As reported in BuryPensions, Boston College’s Center for Retirement Research (CRR) predicts that NJ’s largest public pension fund, the Teachers Pension and Annuity Fund (TPAF), will see its funded ratio decline from 39.2% to 23.2% in the next five years, at which point TPAF will have enough money for just 19 months of pension payments. The funded ratio is the amount of assets in the fund versus the amount of liabilities actually owed, so these are low and worrisome numbers, which add up to TPAF’s insolvency in less than seven years.
But the reality is likely even worse. According to TPAF’s actuary, if more realistic return and discount rates are used (according to GASB 67), as of June, 2018, TPAF’s funded ratio was 26.5%, not 39.2%. From this 26.5% funded level, if the assets decline at similar rate (41%), in five years the funded ratio would be 15.7%, not 23.2%. So TPAF will likely run out of money even sooner than the seven years that CRR predicts.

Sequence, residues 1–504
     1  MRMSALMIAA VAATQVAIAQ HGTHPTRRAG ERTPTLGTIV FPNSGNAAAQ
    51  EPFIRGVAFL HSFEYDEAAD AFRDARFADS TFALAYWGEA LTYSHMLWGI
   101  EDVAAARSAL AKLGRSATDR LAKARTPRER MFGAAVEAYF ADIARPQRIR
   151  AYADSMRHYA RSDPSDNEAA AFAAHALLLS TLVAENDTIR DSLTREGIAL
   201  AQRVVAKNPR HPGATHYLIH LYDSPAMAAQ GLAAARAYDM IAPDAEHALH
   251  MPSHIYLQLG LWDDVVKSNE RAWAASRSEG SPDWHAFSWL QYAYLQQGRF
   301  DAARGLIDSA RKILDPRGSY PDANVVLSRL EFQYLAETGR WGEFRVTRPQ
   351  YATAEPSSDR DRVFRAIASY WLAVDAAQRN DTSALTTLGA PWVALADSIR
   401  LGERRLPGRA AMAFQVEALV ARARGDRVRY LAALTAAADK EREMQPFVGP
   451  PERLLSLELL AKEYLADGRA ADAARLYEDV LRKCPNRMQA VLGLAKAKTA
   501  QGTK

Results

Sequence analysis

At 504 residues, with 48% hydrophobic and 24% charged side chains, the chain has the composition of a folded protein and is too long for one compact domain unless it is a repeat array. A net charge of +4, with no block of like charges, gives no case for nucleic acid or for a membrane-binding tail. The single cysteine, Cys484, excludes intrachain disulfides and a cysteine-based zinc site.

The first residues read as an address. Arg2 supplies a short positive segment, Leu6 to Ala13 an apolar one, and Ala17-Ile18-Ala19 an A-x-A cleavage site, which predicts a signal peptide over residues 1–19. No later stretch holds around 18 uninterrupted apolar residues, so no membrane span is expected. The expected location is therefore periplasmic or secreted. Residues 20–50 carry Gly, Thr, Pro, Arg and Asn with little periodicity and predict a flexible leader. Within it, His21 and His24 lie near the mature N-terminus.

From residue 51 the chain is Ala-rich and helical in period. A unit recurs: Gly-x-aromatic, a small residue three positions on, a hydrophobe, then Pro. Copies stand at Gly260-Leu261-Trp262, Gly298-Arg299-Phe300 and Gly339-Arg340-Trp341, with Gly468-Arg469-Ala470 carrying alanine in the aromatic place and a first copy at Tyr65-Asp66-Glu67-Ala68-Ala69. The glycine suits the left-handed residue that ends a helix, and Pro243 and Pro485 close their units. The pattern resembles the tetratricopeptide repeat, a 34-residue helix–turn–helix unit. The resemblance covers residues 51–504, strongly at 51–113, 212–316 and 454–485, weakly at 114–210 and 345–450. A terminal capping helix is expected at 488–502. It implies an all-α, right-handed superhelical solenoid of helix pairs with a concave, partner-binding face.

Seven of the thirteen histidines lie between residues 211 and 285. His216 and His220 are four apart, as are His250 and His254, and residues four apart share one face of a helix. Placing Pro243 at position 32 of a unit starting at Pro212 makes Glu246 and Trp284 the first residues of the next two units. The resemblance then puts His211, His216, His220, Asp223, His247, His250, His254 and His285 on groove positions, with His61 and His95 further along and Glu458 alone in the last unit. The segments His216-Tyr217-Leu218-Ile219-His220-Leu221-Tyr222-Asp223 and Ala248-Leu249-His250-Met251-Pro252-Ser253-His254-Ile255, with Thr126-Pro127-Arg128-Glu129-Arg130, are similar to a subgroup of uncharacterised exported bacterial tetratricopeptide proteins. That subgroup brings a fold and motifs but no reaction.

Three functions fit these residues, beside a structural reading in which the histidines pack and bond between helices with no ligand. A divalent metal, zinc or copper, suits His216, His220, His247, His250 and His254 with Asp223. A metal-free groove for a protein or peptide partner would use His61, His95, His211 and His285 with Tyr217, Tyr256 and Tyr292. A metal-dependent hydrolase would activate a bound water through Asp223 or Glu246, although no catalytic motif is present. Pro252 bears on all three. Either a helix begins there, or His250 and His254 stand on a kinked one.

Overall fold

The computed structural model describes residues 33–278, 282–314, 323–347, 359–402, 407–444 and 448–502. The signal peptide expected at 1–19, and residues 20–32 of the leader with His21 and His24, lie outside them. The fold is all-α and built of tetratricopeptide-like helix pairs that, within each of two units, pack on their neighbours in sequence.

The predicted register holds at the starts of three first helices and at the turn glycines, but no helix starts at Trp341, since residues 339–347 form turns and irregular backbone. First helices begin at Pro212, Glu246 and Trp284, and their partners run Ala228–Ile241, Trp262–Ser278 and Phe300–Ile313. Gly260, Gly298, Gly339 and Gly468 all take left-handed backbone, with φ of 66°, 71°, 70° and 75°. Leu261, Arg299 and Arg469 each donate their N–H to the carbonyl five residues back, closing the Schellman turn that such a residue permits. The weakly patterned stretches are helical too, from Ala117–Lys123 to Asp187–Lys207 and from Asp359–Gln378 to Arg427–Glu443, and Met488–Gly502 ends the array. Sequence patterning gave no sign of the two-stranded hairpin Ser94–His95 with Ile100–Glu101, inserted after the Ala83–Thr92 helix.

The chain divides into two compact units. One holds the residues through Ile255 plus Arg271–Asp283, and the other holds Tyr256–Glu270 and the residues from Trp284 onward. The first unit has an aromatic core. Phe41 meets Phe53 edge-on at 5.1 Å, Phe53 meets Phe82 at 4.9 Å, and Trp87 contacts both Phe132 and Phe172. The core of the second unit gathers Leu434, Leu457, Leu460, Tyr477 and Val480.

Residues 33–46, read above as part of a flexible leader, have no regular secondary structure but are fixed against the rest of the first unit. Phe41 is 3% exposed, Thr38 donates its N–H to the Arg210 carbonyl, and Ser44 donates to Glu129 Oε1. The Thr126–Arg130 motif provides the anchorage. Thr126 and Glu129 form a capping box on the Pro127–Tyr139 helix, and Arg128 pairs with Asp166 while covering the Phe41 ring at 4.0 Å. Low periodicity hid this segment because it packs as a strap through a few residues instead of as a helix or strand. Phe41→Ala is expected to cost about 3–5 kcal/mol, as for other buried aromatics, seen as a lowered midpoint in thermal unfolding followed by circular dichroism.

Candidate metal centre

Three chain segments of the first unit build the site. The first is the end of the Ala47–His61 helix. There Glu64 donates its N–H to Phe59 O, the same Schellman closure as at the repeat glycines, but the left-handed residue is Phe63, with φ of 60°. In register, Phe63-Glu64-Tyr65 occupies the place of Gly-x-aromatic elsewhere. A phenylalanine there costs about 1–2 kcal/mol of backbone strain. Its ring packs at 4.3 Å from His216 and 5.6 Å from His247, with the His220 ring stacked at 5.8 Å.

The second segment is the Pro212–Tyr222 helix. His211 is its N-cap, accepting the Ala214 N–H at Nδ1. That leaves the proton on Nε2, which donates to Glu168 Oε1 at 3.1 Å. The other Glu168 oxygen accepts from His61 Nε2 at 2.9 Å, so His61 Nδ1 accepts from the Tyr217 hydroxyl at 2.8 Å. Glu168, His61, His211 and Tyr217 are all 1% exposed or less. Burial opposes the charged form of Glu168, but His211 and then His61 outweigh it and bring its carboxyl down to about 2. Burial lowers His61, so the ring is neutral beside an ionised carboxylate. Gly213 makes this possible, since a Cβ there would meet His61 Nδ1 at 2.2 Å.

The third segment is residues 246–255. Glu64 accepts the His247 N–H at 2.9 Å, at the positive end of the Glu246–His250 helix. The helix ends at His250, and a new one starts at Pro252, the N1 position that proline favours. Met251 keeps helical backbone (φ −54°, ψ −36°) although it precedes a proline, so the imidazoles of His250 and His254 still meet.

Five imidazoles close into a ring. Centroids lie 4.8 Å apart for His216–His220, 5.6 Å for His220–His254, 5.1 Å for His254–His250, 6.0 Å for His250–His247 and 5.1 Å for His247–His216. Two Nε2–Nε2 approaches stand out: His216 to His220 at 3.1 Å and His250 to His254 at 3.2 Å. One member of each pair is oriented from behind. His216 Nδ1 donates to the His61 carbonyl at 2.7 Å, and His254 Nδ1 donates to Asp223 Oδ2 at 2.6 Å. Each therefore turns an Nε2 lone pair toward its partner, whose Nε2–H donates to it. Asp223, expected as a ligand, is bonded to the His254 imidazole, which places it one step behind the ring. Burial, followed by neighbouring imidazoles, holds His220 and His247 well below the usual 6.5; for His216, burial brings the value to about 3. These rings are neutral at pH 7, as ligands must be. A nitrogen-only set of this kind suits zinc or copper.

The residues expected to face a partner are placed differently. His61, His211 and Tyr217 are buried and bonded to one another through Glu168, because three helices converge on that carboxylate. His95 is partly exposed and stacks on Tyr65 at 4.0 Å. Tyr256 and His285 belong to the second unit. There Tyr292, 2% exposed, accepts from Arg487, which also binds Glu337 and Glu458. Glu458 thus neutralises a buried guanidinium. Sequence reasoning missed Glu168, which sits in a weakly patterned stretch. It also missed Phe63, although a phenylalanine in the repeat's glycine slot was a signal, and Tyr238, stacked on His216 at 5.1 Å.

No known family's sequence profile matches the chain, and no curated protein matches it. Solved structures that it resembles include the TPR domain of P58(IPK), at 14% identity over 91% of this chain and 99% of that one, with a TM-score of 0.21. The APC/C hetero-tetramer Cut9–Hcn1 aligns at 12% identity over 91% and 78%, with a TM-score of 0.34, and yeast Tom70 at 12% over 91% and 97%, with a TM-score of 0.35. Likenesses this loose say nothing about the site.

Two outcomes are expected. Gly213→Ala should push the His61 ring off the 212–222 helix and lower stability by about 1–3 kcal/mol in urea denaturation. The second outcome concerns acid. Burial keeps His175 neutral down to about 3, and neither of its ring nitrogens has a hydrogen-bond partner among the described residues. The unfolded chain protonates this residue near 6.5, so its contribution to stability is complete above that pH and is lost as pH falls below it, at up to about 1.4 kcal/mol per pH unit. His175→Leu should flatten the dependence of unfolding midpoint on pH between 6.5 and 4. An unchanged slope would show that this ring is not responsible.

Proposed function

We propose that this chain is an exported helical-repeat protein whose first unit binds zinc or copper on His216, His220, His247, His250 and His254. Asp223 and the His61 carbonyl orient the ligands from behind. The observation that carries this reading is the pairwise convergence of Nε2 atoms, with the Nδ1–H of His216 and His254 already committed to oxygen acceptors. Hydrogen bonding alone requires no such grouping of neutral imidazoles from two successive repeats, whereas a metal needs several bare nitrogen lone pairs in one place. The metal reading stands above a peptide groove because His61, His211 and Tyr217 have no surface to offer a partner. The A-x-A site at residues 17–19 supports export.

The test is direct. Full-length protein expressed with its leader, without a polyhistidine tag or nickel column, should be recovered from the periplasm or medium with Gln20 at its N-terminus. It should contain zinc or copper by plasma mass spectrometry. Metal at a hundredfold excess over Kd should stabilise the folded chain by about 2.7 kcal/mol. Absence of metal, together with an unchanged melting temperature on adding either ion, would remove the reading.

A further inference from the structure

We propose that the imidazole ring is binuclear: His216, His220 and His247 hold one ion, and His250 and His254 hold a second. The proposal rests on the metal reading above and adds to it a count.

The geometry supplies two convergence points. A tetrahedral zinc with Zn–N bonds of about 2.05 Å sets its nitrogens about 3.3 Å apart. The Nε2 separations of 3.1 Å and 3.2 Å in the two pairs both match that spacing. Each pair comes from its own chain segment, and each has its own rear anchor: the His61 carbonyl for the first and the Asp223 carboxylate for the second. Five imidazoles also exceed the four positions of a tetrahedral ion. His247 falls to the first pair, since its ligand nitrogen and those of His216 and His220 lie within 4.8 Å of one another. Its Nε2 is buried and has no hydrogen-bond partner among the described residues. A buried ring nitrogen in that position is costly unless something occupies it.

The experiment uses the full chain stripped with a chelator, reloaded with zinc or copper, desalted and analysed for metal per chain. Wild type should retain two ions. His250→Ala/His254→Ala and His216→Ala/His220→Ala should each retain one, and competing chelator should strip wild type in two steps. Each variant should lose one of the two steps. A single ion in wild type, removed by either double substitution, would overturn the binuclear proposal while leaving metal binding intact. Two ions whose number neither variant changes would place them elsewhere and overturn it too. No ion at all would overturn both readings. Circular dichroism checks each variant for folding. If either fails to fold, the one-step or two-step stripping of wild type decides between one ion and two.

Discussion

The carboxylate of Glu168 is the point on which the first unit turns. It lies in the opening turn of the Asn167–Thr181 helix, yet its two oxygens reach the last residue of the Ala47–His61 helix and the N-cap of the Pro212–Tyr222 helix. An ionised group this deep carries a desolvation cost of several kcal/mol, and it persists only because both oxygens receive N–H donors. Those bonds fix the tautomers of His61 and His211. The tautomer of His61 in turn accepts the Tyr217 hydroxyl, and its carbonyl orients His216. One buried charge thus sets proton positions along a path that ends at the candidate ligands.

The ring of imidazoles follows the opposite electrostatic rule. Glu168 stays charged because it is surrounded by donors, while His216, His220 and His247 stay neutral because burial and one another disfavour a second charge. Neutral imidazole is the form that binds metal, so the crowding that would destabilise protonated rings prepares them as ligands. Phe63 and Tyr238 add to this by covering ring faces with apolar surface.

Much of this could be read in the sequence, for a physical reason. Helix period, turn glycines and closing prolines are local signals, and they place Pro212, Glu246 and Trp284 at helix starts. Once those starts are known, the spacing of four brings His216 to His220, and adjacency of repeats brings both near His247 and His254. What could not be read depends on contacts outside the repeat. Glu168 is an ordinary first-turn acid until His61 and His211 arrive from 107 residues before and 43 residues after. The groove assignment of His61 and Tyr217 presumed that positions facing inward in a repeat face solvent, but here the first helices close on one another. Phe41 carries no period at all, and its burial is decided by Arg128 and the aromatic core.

TPAF’s insolvency would be a disaster for the state. Thereafter, the roughly $5 billion of TPAF pension payments will be on a pay-as-you-go basis from NJ’s annual budget appropriations. Due to COVID, NJ is currently facing a $10 billion budget hole. Where will we get the additional money?
Few NJ citizens, including few teachers, realize just how precarious the situation is. We are past the point of arguing over whether pensions are too rich or not. It is plain for all to see that NJ will not have the money to meet these pension promises. The state’s leaders must begin to communicate these hard truths and find a solution before it is too late.